Last night at dinner, as we do every night, Cute Husband and I asked The Boy what he did at school that day.
“I helped Mr. C,” The Boy replied. “And I made a kite.”
“Were you able to do some lessons with the other VPK kids?” I asked.
“They don’t have lessons,” he corrected me. “They have toys.”
Cute Husband and I looked at each other and didn’t say anything.
“I’m really glad we decided to send The Boy to his new school,” I told Cute Husband this morning.
“I can’t imagine they don’t have some sort of curriculum,” he replied. “I mean, this is a pre-kindergarten program. Maybe day care just doesn’t have the same kinds of things they have at school.”
Once we got to the day care parking lot this morning, The Boy echoed the chorus he’d repeated yesterday and the day before.
“Mom, I really don’t want to go to my old school.”
“Honey, we’ve talked about this every day,” I said, trying to reassure him. “It’s only for the week.”
“I know, but I don’t like it here.”
He sighed loudly. “Everything’s too easy,” he replied. “They don’t give me any challenging work.”
Now, I know I have an intelligent child. Really, I think all children are intelligent; some are just given more opportunities to explore different subject matter. So I disagree that I have an exceptionally gifted child. He’s inquisitive, he’s observant, and he’s interested in myriad things. Aren’t all kids?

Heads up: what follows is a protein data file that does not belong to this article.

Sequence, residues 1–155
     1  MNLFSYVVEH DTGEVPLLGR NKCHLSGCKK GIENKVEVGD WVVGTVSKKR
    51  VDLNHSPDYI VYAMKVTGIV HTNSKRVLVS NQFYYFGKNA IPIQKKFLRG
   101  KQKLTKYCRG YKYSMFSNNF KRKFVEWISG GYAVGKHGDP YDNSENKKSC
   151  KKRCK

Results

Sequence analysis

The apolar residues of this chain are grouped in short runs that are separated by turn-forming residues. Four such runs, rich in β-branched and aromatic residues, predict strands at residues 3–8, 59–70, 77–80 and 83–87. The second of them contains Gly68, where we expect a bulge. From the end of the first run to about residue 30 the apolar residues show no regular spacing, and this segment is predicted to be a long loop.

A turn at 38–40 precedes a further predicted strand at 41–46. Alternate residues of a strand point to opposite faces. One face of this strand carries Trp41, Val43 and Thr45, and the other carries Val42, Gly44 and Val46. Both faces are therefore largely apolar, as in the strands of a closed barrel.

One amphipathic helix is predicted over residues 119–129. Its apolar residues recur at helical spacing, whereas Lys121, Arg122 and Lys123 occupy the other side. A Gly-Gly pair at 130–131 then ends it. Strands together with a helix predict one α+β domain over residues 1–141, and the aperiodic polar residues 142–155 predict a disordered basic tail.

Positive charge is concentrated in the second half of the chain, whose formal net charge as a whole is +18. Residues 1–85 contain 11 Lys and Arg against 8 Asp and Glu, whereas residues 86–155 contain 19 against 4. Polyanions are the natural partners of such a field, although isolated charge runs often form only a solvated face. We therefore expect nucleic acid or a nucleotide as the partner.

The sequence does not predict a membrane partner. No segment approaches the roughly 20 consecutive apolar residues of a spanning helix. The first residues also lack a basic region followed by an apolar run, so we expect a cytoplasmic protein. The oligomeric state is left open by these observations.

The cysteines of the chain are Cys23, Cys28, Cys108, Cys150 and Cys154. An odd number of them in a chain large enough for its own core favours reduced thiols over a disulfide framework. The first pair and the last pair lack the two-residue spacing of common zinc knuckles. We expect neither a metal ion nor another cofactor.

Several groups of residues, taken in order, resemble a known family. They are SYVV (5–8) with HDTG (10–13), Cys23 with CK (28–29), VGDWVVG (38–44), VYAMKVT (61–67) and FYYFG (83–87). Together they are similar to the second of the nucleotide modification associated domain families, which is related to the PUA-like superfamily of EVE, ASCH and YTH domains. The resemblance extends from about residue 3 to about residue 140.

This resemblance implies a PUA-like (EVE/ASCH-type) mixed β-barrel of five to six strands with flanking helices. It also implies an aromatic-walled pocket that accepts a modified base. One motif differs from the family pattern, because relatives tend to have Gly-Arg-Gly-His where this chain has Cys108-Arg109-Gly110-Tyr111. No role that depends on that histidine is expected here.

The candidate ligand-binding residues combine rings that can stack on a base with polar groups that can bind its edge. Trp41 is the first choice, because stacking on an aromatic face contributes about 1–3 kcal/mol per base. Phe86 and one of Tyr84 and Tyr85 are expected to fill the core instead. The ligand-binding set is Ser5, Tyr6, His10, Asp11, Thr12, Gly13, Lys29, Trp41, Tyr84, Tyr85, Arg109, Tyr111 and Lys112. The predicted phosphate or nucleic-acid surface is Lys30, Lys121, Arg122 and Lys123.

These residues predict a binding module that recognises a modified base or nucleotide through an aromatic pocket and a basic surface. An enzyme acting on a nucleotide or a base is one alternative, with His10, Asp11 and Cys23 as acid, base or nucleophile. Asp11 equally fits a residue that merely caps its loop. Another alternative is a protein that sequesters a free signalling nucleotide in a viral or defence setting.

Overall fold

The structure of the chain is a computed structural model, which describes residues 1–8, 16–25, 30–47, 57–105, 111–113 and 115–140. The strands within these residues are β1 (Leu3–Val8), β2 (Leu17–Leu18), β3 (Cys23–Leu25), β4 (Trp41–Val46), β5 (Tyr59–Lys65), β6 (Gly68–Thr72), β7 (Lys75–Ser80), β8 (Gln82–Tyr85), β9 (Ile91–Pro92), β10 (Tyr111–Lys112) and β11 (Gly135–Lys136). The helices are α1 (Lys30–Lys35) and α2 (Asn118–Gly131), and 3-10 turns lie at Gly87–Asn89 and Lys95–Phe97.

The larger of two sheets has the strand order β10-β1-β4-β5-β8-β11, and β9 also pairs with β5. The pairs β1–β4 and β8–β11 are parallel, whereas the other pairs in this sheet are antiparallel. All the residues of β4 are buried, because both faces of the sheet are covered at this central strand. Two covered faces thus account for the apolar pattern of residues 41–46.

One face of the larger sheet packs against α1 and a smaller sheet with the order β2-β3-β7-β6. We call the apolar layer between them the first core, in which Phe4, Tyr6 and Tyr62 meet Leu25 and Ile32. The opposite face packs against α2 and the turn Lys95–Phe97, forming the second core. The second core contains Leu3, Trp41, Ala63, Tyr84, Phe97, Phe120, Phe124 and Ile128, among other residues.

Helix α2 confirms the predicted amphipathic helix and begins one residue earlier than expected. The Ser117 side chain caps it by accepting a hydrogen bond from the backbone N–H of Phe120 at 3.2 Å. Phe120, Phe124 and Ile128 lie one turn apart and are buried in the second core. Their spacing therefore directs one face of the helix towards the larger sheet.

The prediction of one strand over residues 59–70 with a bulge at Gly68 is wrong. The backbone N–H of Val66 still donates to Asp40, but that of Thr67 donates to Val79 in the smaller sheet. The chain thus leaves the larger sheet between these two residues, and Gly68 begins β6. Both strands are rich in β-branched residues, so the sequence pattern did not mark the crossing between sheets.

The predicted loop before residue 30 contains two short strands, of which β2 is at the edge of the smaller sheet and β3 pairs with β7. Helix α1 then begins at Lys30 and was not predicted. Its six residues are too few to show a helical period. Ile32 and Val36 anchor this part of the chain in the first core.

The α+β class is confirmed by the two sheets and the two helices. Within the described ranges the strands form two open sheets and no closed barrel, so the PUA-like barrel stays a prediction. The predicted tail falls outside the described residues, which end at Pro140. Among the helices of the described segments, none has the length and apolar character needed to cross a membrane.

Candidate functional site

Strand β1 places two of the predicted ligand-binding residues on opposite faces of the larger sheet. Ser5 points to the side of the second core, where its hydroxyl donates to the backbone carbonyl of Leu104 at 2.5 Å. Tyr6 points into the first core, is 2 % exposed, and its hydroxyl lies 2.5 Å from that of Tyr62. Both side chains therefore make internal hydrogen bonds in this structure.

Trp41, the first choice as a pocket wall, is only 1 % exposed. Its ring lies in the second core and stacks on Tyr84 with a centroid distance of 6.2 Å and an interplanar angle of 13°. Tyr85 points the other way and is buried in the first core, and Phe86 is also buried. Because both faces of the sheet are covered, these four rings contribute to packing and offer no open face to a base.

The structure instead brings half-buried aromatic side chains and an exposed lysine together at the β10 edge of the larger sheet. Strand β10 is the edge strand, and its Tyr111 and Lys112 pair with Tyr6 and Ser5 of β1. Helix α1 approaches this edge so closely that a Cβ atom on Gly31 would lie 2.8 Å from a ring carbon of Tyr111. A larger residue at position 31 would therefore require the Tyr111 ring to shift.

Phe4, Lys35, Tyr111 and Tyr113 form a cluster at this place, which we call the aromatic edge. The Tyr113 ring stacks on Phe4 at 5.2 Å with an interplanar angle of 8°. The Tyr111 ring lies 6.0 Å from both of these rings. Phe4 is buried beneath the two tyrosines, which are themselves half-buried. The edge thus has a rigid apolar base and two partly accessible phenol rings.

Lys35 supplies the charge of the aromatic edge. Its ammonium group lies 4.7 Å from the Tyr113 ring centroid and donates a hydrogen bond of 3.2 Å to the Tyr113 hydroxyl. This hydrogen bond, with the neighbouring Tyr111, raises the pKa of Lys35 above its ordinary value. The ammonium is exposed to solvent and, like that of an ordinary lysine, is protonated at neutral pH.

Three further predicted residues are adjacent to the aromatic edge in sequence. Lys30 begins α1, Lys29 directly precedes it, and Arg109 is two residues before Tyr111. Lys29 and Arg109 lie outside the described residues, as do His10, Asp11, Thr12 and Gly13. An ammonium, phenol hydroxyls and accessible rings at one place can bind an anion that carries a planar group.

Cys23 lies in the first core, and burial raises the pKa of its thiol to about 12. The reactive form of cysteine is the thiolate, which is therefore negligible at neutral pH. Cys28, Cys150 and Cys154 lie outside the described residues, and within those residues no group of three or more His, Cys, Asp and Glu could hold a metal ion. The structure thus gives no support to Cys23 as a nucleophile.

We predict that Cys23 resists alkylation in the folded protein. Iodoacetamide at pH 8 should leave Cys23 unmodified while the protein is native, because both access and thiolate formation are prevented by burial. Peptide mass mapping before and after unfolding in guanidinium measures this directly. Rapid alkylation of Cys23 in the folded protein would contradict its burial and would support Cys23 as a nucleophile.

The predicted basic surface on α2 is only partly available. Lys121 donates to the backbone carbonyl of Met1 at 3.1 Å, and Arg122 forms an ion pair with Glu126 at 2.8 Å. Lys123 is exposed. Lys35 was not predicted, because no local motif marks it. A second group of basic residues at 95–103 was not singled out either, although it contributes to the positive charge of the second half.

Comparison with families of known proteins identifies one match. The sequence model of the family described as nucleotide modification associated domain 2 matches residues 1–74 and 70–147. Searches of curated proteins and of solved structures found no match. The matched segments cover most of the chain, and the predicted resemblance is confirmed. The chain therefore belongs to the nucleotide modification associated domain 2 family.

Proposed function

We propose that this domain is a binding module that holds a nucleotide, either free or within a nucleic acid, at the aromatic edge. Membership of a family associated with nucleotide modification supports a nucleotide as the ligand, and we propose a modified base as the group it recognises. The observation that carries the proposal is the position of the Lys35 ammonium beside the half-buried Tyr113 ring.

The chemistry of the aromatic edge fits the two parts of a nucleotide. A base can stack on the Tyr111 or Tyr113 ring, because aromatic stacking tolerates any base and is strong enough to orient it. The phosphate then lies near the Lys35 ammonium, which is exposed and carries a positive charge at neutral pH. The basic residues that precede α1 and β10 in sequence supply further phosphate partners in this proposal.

It bothers me a bit, though, when we have these conversations. There was a brief time when Cute Husband and I contemplated letting him stay at this day care facility to attend voluntary pre-kindergarten (VPK). Private school is, after all, not cheap, and his day care did a fine job teaching him various skills while he was there. But we could tell at the age of 3 that he was able to do and explore much more than day care allowed, and that’s what ultimately swayed our decision.
I’m glad we chose to send him to his current school, and I’m even more thrilled that he’s thriving there. But it makes me a little sad knowing that we had to research private school programs in order to give him the challenging environment he craves so much. And it bothers me even more to know that so many families, whose children are probably just as “gifted” (I hate that word) as The Boy (though perhaps in other areas) aren’t able to do the same.
I read last month that the achievement gap between rich and poor kids actually starts in kindergarten, and after these last few days of having The Boy complain about how bored he is in the VPK program at his old school, I can see it.
The gap is really out there, and it starts early.